# Quantum phase transitions in a finite lattice

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Sachdev begins his book on Quantum Phase Transitions by asserting that, for a system on a finite lattice, the ground state energy of a Hamiltonian H(g) (where g is some coupling) is a smooth, analytic function of g. This paper: https://arxiv.org/pdf/1603.03943.pdf seems to suggest an exception to this rule in quantum optics, and mentions a similar paper dealing with a QPT in the finite Rabi model.

Why must a finite lattice model have a ground state energy which is an analytic function of the coupling? Is Sachdev making some implicit assumptions that are violated in these studies? How does one show in general that a system possessing a level crossing in the thermodynamic limit opens up a spectral gap when taken to a finite lattice?

This post imported from StackExchange Physics at 2018-09-23 14:29 (UTC), posted by SE-user Alex Buser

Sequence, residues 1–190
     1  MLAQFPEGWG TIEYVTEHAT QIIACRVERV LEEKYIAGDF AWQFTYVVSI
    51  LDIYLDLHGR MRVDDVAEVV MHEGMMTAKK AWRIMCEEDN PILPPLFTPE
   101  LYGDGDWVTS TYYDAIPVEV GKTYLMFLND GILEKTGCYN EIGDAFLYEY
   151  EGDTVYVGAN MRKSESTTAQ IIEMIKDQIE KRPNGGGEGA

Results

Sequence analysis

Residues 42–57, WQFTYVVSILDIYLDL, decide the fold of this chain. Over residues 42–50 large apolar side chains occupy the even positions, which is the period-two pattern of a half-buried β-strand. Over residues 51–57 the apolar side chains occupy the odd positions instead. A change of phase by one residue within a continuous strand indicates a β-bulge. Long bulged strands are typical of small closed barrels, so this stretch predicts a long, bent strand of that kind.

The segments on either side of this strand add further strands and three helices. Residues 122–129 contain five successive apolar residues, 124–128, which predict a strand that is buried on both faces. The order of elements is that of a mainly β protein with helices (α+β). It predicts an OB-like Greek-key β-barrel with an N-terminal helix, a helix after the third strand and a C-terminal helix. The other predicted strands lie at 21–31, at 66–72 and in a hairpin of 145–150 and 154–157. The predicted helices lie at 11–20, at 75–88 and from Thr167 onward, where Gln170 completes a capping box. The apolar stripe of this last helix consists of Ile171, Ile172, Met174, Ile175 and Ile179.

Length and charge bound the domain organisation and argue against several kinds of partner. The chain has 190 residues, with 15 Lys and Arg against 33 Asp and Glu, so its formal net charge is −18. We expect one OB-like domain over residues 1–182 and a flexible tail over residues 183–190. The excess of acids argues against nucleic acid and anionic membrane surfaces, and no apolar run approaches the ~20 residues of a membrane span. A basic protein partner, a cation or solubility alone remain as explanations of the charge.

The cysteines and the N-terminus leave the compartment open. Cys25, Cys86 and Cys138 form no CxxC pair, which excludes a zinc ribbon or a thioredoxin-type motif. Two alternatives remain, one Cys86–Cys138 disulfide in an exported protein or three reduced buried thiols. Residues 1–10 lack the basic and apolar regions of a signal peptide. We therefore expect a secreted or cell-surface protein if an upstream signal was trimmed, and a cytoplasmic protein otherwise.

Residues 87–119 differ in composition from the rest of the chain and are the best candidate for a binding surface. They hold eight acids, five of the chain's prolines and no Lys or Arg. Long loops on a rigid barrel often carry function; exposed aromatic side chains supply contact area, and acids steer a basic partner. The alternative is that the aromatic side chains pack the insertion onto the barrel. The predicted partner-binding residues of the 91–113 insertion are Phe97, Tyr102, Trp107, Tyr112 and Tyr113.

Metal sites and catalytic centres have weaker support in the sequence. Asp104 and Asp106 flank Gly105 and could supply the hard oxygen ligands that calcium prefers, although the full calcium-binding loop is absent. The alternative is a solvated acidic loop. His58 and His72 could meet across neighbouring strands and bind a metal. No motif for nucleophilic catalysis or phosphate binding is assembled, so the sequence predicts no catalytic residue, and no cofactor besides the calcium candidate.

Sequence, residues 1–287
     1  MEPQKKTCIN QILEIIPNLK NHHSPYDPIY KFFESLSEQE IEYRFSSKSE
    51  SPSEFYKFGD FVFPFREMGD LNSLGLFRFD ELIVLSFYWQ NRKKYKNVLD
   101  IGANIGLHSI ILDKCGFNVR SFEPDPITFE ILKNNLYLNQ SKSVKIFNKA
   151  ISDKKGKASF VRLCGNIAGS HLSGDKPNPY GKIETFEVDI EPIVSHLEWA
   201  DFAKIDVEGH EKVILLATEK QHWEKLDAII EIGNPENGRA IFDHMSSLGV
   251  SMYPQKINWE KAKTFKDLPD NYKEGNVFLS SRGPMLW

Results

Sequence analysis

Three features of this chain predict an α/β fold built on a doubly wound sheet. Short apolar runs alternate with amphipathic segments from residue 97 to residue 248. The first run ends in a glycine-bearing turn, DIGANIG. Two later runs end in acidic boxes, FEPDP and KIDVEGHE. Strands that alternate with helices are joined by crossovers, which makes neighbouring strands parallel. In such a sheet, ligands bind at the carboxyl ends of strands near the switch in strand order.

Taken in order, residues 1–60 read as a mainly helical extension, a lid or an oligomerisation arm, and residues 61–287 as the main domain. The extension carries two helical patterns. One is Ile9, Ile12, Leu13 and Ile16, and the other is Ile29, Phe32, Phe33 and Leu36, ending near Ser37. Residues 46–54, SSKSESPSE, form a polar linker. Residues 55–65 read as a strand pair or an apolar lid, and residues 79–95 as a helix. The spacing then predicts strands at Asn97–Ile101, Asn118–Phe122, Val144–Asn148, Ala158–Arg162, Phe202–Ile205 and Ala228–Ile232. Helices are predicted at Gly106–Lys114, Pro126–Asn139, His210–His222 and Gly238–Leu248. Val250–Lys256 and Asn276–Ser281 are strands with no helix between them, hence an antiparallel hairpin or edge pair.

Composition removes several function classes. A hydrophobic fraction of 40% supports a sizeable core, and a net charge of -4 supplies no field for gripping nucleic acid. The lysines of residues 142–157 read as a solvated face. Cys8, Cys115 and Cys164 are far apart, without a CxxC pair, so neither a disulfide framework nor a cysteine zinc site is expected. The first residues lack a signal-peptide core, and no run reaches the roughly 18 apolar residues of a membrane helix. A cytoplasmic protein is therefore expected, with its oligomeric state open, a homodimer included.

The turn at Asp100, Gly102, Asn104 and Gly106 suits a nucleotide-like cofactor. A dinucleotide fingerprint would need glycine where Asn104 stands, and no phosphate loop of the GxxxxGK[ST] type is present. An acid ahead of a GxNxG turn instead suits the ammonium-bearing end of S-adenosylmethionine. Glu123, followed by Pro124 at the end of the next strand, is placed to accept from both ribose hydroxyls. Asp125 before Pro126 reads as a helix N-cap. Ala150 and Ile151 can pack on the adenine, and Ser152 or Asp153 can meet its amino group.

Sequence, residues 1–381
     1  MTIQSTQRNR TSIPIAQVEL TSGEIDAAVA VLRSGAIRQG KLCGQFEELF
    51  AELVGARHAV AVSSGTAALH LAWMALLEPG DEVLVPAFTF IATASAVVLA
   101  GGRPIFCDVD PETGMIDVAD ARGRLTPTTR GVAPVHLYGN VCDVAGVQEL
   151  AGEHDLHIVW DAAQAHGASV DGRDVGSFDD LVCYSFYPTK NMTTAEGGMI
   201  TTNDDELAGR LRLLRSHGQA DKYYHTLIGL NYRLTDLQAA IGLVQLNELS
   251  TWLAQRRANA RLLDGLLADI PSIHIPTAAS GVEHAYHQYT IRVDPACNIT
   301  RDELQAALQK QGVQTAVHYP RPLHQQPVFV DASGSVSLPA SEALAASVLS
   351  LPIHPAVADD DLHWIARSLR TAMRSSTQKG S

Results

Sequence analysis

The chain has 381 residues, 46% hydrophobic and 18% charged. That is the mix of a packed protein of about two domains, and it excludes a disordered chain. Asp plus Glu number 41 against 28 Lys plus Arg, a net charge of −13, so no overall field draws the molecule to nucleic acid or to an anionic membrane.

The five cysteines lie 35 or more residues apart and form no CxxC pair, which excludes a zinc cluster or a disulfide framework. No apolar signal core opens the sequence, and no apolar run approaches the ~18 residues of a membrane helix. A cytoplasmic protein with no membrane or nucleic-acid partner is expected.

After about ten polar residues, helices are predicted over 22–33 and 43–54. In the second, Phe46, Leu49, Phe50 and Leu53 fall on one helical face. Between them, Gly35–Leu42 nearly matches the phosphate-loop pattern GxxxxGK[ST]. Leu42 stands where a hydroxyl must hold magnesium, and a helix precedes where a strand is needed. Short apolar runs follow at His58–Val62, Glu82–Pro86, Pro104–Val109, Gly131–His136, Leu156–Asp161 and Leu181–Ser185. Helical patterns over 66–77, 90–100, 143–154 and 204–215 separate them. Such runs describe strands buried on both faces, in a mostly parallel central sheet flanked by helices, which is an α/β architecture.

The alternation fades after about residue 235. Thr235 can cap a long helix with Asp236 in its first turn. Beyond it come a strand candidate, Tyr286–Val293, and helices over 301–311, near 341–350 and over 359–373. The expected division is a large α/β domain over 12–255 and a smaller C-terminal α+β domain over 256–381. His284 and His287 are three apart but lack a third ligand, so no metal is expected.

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This is a very general argument: On a finite lattice with finitely many degrees of freedom, the Hamiltonian becomes a finite-dimensional matrix. The spectrum of a finite matrix is always a set of isolated points, and we can apply Cauchy's formula to the resolvent to obtain the projector onto the lowest eigenspace. If the Hamiltonian $H(g)$ is analytic in $g$, then the resolvent and hence the projector are also analytic in $g$.

So, strictly speaking, non-analyticity of the ground state can only be seen in the limit of infinitely many degrees of freedom. But it is certainly possible for a sequence of analytic functions (one for each system size) to converge pointwise to a function that is no longer analytic (the infinite system limit). (Example: $\lim_{n\to\infty} x^n$ on the interval $[0,1]$).

answered Sep 24, 2018 by (775 points)

It's worth mentioning that the examples considered by Hwang et al. always involve harmonic oscillators, i.e. infinite dimensional systems, for which the Hamiltonian cannot be written as a finite-dimensional matrix even if the number of lattice sites is just one (see e.g. https://arxiv.org/abs/1503.03090). The dimension of the Hilbert space is more important than the physical volume.

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